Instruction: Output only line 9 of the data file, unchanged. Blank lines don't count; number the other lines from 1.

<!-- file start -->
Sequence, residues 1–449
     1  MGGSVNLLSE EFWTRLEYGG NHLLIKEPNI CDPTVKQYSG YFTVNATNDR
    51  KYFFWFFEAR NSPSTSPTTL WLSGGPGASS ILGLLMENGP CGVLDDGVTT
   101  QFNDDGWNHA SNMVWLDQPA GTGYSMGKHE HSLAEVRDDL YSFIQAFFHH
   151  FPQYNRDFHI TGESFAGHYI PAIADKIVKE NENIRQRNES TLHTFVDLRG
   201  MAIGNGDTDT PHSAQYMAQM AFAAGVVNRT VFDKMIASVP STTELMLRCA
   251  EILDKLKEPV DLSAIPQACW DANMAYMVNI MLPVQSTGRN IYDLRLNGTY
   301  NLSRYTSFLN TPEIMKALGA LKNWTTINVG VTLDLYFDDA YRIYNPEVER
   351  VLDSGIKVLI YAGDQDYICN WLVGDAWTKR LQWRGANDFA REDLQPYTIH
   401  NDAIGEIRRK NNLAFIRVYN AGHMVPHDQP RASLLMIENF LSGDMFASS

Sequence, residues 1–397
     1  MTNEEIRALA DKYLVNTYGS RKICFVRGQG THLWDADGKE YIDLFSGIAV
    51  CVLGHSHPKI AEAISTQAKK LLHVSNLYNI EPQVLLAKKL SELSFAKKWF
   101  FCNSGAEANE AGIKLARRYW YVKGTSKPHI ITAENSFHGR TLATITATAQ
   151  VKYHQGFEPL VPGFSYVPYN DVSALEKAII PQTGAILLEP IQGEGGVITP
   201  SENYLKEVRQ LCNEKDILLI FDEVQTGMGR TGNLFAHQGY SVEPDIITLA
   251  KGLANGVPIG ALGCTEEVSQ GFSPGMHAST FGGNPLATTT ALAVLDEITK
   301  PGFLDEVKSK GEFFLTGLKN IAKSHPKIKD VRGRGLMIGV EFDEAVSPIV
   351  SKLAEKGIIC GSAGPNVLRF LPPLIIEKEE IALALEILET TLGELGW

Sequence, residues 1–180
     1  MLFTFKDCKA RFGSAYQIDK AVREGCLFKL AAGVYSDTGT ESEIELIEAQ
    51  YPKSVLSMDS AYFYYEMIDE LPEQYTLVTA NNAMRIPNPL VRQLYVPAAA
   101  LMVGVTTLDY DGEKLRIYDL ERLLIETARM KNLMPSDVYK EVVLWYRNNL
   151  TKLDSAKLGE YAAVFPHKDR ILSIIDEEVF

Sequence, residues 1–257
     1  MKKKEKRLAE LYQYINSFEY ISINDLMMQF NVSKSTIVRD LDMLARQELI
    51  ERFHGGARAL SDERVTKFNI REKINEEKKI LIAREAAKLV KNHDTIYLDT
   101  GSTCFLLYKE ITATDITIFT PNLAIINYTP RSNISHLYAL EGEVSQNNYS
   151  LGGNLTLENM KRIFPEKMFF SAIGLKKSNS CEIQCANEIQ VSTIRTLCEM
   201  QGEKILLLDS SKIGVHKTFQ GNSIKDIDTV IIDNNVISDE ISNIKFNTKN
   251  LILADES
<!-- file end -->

   351  VLDSGIKVLI YAGDQDYICN WLVGDAWTKR LQWRGANDFA REDLQPYTIH